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How Can I Get Rid of a Cold While Breastfeeding?

What causes the common cold?

The common cold is a viral infection that affects your nose and throat. There is no cure for the cold while breastfeeding, so you'll need to give it time to clear up.
The common cold is a viral infection that affects your nose and throat. There is no cure for the cold while breastfeeding, so you’ll need to give it time to clear up.

A common cold is usually harmless, even though it can make you feel terrible. Oftentimes, the best treatment is to manage your symptoms with over-the-counter medications, self-care, and rest. 

What about when you’re breastfeeding, though? Are there any medications that are unsafe to use at such a time? 

You can use most of the usual treatments, but some medications can affect your breast milk

The common cold is a viral infection that affects your nose and throat. It’s spread through droplets in the air when someone who is sick coughs or sneezes. You can also catch the virus if you shake hands with someone who has a cold and then touch your eyes, nose, or mouth.

The virus irritates the lining of your nose and throat and causes inflammation and cold symptoms. Cold symptoms come on gradually and usually start within 1 to 3 days of being exposed to the virus. They include:

For most people, a cold isn’t something to worry about, and it will get better on its own within 7 to 10 days. Sometimes, though, it can lead to other problems like an ear infection or sinus infection

How to treat a cold while breastfeeding

There is no cure for the cold, so you’ll need to give it time to clear up. In the meantime, you can treat your symptoms at home with some personal care and medications from the pharmacy. 

Here are some tips:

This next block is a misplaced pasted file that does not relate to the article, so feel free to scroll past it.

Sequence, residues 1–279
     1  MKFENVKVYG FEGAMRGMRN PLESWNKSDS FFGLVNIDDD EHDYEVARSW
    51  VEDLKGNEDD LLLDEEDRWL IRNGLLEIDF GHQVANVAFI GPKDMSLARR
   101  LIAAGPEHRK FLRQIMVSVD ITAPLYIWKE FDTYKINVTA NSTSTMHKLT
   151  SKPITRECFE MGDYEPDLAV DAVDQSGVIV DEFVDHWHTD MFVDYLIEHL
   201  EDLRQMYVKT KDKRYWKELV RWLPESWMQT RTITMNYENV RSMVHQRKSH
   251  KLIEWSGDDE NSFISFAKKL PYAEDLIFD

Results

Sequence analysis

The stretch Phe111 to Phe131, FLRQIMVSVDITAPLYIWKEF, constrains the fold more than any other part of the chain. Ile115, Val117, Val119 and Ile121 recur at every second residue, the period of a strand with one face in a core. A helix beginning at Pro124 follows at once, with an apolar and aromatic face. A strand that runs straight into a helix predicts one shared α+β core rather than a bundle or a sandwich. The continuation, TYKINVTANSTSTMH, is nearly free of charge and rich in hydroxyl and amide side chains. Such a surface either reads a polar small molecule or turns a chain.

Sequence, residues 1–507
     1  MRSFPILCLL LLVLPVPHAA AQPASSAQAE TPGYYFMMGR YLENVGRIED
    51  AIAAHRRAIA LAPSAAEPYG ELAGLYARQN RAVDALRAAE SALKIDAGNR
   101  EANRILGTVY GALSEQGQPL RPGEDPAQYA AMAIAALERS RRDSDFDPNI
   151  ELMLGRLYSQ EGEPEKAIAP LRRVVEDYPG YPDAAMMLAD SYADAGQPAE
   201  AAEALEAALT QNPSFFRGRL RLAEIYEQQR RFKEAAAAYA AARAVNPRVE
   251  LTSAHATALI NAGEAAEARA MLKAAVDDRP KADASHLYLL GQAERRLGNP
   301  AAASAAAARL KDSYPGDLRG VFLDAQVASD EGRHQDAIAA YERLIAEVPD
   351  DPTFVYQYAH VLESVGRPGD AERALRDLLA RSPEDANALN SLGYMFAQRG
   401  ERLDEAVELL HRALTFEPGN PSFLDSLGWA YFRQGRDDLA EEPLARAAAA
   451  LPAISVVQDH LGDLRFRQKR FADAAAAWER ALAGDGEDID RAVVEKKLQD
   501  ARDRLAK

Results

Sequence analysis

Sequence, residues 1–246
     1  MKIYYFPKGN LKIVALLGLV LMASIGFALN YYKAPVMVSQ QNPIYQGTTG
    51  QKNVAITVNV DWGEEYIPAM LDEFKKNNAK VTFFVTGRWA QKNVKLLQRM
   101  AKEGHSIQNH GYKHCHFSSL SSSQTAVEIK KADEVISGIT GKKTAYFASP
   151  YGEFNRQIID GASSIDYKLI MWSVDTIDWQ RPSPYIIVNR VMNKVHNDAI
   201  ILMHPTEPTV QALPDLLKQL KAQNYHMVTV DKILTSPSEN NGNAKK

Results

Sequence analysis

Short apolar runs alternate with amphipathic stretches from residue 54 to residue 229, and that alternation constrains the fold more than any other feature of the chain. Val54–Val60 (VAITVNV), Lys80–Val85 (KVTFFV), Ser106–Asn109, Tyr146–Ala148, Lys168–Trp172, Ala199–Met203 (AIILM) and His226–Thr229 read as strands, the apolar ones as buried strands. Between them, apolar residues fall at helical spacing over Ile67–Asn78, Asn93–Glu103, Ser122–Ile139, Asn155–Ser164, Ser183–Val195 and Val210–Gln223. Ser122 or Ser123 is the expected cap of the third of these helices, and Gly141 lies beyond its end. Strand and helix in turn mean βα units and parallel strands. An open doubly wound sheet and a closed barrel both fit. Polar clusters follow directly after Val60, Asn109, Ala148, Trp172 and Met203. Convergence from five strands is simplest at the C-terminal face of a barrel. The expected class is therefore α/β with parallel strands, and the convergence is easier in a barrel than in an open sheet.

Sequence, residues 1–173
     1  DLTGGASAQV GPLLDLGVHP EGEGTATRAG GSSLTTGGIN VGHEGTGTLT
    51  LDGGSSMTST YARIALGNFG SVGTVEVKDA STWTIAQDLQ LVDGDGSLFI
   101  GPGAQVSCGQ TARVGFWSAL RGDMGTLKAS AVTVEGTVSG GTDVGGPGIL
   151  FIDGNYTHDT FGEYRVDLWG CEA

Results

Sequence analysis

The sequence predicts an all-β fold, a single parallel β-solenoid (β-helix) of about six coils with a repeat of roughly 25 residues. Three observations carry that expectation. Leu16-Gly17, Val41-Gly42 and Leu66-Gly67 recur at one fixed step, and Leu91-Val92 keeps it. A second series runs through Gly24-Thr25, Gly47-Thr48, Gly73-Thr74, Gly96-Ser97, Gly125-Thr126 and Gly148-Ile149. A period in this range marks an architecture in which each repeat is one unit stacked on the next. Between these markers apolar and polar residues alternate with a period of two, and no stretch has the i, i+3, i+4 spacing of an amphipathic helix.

Stay hydrated

Fluids can soothe your sore throat, ease congestion, and help you avoid dehydration. Drink warm fluids like broth, tea, or warm water with lemon. Sucking on ice cubes can also soothe a sore throat and help you slowly hydrate. 

Meanwhile, avoid drinks and foods that are dehydrating, like coffee, sugary drinks, alcohol, and salty foods.


Your body is fighting your infection while you’re nourishing your baby, too. In such situations, it’s especially important to recharge your body and your immune system. Get as much sleep as you can and rest while your baby naps. 

Gargle with saltwater

Saltwater can soothe a sore throat temporarily. Add ¼ to ½ teaspoon of salt to a glass of warm water and gargle it.

Add moisture to the air

Moisture can loosen congestion and help ease your stuffy nose. Use a cool-air humidifier or vaporizer, especially at night time, when it’s often hard to sleep due to a stuffy nose. Clean the humidifier before you use it and change the water every day. 

Inhale steam

Taking a steamy shower or inhaling steam from a bowl of warm water can also help loosen up congestion. You can add some eucalyptus or menthol, which will soothe you and help with congestion. Be sure to keep your baby away from the hot water, though. 

What can I take for a cold while breastfeeding?